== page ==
Although this may be better placed in the Reviews Thread (and mods feel free to move it if you deem it necessary), I hope some interesting discussion shall take place that would derail the Reviews Thread if confined there. I haven't read Beowulf, but a couple of hours ago I saw the film. I think the film was excellent. Normally, I can't be bothered to write a review of... anything, as I always feel such a review should be reasonably long. However, the film proved to be good enough in my opinion to encourage me to write this. This thread is intended for Beowulf in general: the film, the poem and anything else pertaining to Beowulf. The film's running time is approximately 114 minutes long (2 hours minus 6 minutes) and is rated '12a' in the UK, 'PG-13' in the US and 'M' in Australia.

The poem is considered an epic and a classic and this film is certainly epic and worthy of becoming a classic. From the outset, I was astounded at the incredibly realistic animation (Robert Zemeckis has also used this technique in The Polar Express. At many points in the film, I found myself wondering if a snippet of live action had been snuck in, and, for all I know, perhaps it was. At first this flashy display of animation seemed unnecessary, but upon seeing a grotesque creature graphically rip a man in half, I  no longer felt as such. It's this detailed computer-assisted imagery that could make the film a milestone in animation in years to come.

For an animated (a heck of a long animated) film, it is comparatively gruesome. Men are ripped in half, the aforementioned creature looks half-decomposed, torrents of blood flow realistically from monsters. Due to the realism of it, one arguably sees Angelina Jolie's breasts, which she admitted she wouldn't let her children see. The film is rated a '12a' here, meaning it is recommended for those 12 and over, but under-12s may be allowed to see it with an adult. The '12a' rating only applies to cinemas; once a film is released on DVD, VHS etc. its rating is simply '12'. As such, I was expecting the film to be an excessively violent, shallow butchering of the epic.

How wrong I was. The story, for a film animation, is told incredibly maturely; integral to the plot are themes of adultery and true to the poem, it's a tragedy. Despite all the characters being animated, and at least two of them being monsters, they can evoke surprising emotional responses. When the first anatagonist died, I felt a little pity, despite it being a repulsive thing. When Beowulf died, I was saddened and was roused every time he shouted "I am Beowulf". The gore was kept surprisingly low. This is not to say it wasn't there and that it wasn't shown off, merely that more screen time seems to be given to more sedate conversation between characters, though I don't recall there being any very long dialogues. I think the film struck a good balance between the two to keep people looking for either one or both happy.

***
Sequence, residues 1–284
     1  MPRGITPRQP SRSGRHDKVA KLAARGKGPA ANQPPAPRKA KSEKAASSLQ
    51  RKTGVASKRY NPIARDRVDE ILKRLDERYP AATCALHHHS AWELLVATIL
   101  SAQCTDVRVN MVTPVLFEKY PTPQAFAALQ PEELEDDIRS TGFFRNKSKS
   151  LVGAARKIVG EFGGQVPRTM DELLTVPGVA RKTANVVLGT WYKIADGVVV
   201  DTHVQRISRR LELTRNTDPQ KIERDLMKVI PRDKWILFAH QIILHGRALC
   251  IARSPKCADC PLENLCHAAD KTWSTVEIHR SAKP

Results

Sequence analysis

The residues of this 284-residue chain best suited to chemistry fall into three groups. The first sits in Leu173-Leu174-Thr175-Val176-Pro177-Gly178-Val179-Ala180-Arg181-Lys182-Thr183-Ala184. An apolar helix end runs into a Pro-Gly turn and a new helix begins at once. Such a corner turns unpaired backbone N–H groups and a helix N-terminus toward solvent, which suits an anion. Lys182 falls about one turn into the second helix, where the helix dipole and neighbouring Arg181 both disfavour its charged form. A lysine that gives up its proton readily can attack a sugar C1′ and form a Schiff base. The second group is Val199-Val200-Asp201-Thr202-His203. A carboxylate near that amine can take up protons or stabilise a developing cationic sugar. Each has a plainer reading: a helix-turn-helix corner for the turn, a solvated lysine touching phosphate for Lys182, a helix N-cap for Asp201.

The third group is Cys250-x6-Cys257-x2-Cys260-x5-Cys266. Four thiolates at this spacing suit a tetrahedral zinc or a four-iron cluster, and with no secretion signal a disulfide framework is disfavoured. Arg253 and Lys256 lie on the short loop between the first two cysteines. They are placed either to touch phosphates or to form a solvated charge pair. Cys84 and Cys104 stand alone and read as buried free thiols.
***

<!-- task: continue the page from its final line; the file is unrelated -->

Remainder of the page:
Complementing the film's animation and storytelling is the soundtrack. Wonderful singing and captivating music help build up the atmosphere during the infrequent make-you-jump moments and throughout the film. The main reason I sat through the ten-or-so minutes of credits was to listen to the music that played over them (the other reason being to see if there was a hidden scene after them).

To sum it up, one should not be deceived by the fact that his is an animation; it is realistic and reaches unprecedented levels of storytelling, incredible literal quality (i.e. of the animation itself) and boasts a gripping soundtrack; Beowulf is not just for children, it has something for everyone. It has the fighting some will look for in it, the dialogue others will look for and there's even a few reasonably clever, mild jokes in there.

Welcome / Birthday / Seeya! Forum / Hi
« on: April 10, 2007, 02:30:55 am »
Hi,  I'm MsBlack.

I'm presently playing through a ROM version of Chrono Trigger at the moment and have been lurking here for a while, particularly in General Discussion.

Cya round!